A new effort in Ukraine attempts to scan and digitally preserve a variety of cultural monuments before they are destroyed as a result of the Russian invasion. The non-profit effort, dubbed “Backup Ukraine,” is a collaboration between the Danish National Committee of the United Nations Educational, Scientific, and Cultural Organization (UNESCO), Blue Shield Denmark, Polycam, and a VICE media company.
People may use the Polycam app to photograph cultural heritage treasures and places, then utilize the app to produce three-dimensional reconstructions of the works, digitally conserving them away from bombs and missiles. The concept is that anybody may volunteer, albeit, given the possible danger, they are now limiting the capture of public works to a volunteer corps with official approval from authorities. The data will be freely accessible through Polycam’s Ukraine data repository, but by default, all rights will be retained by the individual inventor.
It’s intended that a wide range of artifacts and scenes, from elegant sculptures and antique paintings to blown-up vehicles and street corners, would be included to the online repository. People in Ukraine have scanned and uploaded a wide range of items, including Russian tanks, classrooms, residences, and even Jenga block constructions. It is unclear what the project’s goal is; there’s no indication of what they plan to do with the digital images in the end. Regardless of the outcome of the war, the website states that they intend to use digital technology to ensure that Ukraine’s national identity is preserved and available for future generations.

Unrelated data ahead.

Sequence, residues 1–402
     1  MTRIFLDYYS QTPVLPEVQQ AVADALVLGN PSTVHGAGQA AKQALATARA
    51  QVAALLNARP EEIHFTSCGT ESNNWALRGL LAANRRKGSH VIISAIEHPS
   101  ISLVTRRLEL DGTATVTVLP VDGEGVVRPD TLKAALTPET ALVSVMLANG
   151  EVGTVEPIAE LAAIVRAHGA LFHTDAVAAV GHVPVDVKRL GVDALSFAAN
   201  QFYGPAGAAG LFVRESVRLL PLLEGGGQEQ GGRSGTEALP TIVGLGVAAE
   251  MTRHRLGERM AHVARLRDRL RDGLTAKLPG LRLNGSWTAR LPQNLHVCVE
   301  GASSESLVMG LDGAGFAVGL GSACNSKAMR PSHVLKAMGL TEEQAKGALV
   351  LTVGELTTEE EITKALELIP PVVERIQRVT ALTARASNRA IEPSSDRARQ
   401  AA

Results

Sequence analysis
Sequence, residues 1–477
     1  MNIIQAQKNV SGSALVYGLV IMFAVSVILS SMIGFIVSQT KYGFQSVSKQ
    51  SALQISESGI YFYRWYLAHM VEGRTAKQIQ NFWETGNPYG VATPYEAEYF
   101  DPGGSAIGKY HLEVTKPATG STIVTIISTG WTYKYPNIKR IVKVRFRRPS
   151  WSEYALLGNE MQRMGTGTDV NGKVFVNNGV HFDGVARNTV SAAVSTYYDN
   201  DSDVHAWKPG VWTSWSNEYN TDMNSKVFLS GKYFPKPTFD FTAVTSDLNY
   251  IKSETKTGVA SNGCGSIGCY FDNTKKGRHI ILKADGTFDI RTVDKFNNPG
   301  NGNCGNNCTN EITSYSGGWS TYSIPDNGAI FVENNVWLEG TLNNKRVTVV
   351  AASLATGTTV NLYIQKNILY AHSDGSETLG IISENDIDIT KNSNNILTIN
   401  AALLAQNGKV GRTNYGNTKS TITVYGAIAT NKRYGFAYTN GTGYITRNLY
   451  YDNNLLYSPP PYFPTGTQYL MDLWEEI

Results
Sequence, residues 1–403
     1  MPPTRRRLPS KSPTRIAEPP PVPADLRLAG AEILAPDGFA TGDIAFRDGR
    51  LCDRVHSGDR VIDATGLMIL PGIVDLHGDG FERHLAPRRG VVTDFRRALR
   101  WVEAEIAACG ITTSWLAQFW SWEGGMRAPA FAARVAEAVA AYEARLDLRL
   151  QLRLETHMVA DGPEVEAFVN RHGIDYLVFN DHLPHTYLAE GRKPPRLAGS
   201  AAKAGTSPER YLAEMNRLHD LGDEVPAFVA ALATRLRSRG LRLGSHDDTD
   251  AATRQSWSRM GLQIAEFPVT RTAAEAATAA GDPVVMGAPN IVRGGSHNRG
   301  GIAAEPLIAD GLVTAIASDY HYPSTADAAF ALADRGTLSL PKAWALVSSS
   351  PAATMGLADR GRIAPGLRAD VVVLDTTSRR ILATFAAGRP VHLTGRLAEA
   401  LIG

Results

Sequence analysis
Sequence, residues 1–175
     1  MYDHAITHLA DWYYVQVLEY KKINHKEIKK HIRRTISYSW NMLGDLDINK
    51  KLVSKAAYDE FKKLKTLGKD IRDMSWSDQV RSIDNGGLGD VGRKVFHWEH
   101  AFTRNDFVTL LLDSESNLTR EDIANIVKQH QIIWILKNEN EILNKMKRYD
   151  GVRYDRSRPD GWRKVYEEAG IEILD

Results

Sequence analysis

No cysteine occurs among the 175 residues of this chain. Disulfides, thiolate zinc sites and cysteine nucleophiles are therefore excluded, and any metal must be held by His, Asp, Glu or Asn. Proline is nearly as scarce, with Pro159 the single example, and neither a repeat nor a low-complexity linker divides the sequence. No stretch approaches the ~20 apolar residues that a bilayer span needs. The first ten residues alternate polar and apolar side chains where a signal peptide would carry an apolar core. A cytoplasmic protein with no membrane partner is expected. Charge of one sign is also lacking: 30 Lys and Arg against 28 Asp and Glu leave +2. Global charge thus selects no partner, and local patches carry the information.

“The simplest method to eliminate a country’s national identity is to destroy its cultural legacy.” “We take the destruction of the country’s history very seriously,” Backup Ukraine declared on their website, citing Russia’s bogus denial of Ukraine’s sovereign and distinct national identity. “All of the project participants saw the potential in combining traditional cultural preservation approaches with current technical developments. “We want to put this new technology in the hands of Ukrainian residents so that they may capture everything and everything that is culturally significant and preserve it in 3D for all time,” they continue.